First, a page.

But more and more, Paint Creek has been utilizing the amenities of the North East Street fire station, and the mayor and other, if not all, city officials agree that something formal should be put on paper.

Whatever his shortcomings as mayor may be, negotiating property deals is right in Drew’s wheelhouse. That’s why he’s the right person to represent the city in ongoing negotiations with Paint Creek in regard to the North East Street fire station. Paint Creek wants it, city officials want Paint Creek to have it – after all, a fire station is what it was built to be – and all that’s left is to agree on the actual deal.

Hopefully, negotiations go smoothly and cordially. The Paint Creek fire department, under the leadership of chief Bradley George and an excellent staff of firefighters, EMTs and paramedics, has served its townships and the city of Hillsboro well. The Paint Creek board is comprised of some sharp trustees who are, naturally, interested in protecting the interests of the district and making the best deal they can.

But in the event that Paint Creek board members think that mean old Drew is being too harsh or unreasonable, it’s possible they’ll start trying to draw city council members into the negotiations, playing council against the mayor. If that happens, council’s response should be, “Thanks, but no thanks.”

It’s the mayor’s office that is legally empowered with the responsibility to negotiate, although Drew should keep other city officials apprised of the details and progress, or lack thereof. Council will eventually approve or disapprove whatever deal the mayor brings to council, but it does not negotiate deals.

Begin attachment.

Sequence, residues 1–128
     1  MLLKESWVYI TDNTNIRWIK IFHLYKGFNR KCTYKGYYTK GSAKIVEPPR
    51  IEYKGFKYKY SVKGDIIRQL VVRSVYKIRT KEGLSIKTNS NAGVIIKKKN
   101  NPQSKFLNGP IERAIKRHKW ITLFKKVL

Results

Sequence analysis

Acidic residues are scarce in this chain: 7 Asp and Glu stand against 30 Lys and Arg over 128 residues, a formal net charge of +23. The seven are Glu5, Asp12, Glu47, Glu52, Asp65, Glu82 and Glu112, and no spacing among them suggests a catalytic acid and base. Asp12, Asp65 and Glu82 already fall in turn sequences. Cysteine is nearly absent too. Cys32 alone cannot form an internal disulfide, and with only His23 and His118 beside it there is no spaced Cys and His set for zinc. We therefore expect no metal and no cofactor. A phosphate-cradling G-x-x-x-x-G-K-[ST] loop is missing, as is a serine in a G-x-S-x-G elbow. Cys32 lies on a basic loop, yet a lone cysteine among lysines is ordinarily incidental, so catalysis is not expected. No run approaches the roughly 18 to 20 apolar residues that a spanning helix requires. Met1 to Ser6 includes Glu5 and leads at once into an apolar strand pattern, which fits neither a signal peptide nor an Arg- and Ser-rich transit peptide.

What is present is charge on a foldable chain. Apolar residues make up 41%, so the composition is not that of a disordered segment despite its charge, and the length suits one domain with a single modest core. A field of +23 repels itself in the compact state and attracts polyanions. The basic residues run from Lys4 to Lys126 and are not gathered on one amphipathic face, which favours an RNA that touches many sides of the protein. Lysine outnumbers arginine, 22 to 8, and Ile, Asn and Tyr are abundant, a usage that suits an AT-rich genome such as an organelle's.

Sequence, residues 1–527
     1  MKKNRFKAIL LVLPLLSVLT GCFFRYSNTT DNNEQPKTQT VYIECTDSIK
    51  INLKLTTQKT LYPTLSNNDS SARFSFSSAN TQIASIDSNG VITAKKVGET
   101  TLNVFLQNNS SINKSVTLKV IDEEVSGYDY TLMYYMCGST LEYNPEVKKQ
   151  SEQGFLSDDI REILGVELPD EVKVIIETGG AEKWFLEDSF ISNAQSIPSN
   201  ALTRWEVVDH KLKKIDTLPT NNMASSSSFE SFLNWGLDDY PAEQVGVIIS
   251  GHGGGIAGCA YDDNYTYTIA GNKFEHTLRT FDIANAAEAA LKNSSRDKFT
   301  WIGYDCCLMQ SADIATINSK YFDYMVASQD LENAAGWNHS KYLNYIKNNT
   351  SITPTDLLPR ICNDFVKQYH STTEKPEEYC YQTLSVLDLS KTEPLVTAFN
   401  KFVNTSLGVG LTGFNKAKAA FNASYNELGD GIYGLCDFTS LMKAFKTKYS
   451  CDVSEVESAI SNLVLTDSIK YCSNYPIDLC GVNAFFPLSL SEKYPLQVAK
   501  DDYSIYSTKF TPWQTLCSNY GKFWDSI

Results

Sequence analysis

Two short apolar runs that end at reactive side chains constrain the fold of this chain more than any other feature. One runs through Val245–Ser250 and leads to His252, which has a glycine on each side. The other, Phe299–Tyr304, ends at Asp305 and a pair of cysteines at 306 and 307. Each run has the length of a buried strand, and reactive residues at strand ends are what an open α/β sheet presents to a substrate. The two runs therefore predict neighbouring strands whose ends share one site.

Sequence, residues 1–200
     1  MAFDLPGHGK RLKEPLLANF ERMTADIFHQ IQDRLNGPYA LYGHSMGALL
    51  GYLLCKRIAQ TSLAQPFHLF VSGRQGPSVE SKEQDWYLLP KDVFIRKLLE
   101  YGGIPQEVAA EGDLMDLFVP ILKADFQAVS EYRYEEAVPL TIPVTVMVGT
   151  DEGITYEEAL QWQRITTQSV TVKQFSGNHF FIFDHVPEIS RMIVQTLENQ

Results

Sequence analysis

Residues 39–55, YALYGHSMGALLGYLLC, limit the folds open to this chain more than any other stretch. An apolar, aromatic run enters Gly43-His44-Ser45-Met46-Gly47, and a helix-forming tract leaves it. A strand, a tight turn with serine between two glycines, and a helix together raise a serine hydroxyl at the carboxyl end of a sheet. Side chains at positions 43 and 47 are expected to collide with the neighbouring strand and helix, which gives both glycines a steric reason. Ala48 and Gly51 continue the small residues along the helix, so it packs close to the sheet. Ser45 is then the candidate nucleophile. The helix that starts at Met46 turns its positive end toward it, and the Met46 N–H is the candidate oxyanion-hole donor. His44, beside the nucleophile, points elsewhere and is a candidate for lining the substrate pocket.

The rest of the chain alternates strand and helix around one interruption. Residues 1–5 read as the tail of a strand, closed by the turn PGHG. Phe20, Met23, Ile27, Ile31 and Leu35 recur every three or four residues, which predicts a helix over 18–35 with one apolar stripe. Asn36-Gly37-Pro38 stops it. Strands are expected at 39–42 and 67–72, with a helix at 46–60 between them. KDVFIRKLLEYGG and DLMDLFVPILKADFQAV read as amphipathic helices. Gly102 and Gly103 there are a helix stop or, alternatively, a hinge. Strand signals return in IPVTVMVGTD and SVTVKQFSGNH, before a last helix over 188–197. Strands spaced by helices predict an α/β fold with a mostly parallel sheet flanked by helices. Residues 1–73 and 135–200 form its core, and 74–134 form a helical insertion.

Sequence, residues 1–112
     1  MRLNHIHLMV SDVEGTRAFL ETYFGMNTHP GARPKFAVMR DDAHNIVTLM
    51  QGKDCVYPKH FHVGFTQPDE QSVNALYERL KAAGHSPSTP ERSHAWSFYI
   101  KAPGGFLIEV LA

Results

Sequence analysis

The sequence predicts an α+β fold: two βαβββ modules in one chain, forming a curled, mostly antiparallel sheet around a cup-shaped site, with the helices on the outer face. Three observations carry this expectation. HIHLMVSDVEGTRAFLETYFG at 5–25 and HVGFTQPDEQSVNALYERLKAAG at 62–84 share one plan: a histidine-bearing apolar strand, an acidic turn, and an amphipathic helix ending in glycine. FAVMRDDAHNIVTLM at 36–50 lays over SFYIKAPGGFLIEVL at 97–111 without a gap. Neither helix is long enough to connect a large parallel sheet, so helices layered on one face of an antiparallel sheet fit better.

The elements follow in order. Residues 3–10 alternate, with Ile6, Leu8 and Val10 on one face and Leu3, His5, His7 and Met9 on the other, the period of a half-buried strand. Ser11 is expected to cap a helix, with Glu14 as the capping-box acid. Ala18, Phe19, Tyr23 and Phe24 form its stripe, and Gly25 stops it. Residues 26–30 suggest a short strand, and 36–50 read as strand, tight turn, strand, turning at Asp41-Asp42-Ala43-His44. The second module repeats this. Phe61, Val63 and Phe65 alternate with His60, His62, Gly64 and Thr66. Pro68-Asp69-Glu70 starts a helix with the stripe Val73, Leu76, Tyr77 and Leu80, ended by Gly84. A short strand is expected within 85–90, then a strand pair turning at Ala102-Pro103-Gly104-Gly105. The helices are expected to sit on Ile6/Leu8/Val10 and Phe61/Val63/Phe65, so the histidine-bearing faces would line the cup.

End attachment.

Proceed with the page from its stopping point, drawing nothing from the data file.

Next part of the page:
Along those lines, city council’s agenda for Monday included an executive session to “discuss negotiations of proposed sale of firehouse,” where the mayor will bring council up to date. Meanwhile, also doing a good job of keeping the public informed, the Paint Creek board sent a notice last week to the media that it has scheduled a special meeting Tuesday to go into executive session for the “discussion of the sale or purchase of property.”

If Paint Creek ends up moving to the North East Street fire station, its current location – the old Hillsboro fire station – would either be put up for sale by Paint Creek (Drew says he’s not interested in buying it back, and now that Paint Creek covers Hillsboro he probably can’t anyway), or possibly end up being owned by the city as part of the overall deal for the North East Street station. Some city officials have said they need more room for record storage, others have suggested it could be used for a variety of activities connected to downtown festivals, parties, meetings and so on.

But whatever deal is struck, it will achieve two goals. For Paint Creek, it would provide the district with a large, modern, state-of-the art facility with a number of extra amenities. For the city of Hillsboro, it would substantially ease the financial burden connected with annual debit payments for the facility. Good luck to both sides.

Reach Gary Abernathy at 937-393-3456 or by email at [email protected].

By Gary Abernathy

[email protected]